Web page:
Marketability of RNs in clinical research positions. - page 2

by crc123

I'm fairly new to clinical research - currently working as CRC at an academic setting for about 1 yr and want to explore different options in this industry - possibly get into project management in the pharmaceutical industry or... Read More

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    Pure nursing research is very difficult to find. In my experience, nursing research - i.e: intervention testing/evaluation, efficacy measurement, outcomes, theory...etc. is conducted by academic nurses - professors etc. in addition to their teaching duties, or by grad/PhD students, in addition to their studies; or by nurse executives, in addition to their other duties. Many academic researchers receive grant support through professional organizations (AACN, WIN, ANA, etc) and the NIH; and use the funds for tools, assistants, statiticians, document/poster preparation. I have never really found a position as a pure nurse researcher, as an a assistant - yes (many of my mentors came from this role). I now struggle to try to conduct independent research, and write, but find myself time strapped - full time nursing research in a paid position would be nirvana.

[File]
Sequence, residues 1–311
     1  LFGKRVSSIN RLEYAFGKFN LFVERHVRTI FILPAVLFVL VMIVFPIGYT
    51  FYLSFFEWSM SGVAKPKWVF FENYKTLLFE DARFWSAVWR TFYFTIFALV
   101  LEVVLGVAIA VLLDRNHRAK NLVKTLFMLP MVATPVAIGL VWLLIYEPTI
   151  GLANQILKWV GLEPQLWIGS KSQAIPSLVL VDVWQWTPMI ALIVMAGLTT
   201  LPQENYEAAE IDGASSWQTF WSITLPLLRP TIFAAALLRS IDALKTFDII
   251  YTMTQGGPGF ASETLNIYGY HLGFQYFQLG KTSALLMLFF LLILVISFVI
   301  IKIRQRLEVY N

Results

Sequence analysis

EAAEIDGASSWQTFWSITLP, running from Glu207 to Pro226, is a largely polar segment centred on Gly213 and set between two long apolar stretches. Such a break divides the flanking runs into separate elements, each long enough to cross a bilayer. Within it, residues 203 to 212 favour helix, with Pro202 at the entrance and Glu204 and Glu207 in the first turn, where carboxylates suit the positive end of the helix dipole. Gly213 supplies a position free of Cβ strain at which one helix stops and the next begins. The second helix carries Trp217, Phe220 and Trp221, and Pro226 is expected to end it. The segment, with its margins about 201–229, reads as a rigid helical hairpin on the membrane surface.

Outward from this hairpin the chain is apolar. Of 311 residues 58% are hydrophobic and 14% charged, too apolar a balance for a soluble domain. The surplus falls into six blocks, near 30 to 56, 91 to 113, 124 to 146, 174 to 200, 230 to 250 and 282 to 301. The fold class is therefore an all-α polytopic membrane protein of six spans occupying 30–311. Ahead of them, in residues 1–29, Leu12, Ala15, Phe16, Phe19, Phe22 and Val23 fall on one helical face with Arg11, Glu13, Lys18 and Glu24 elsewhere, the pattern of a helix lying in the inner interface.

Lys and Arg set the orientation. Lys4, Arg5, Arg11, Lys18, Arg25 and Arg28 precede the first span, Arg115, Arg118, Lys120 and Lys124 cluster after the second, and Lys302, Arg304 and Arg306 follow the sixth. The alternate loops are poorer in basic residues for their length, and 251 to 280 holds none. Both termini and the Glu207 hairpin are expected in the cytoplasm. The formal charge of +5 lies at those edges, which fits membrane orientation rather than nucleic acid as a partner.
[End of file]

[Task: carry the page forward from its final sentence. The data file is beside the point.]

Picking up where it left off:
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    How difficult is it to get hired into a CRA or clinical research nurse position with an RN, BSN, no experience working as a CRA, but with training as a CRA or CRC? What's the differences in CRA, CRC and clinical nurse researchers?
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    Don't jugde research jobs by their titles. A CRA position might be a data manager at one facility and a regional monitor at another. You really just have to look at job descriptions. I hold the position of RN Specialist and my data manager is a program assistant. You would never know we held resarch jobs.

    How difficult is it to get hired? Depends on the market in your area. Most people get hired based on their clinical background. Getting certified in your area will probably do more for your marketibility than taking a course IMO.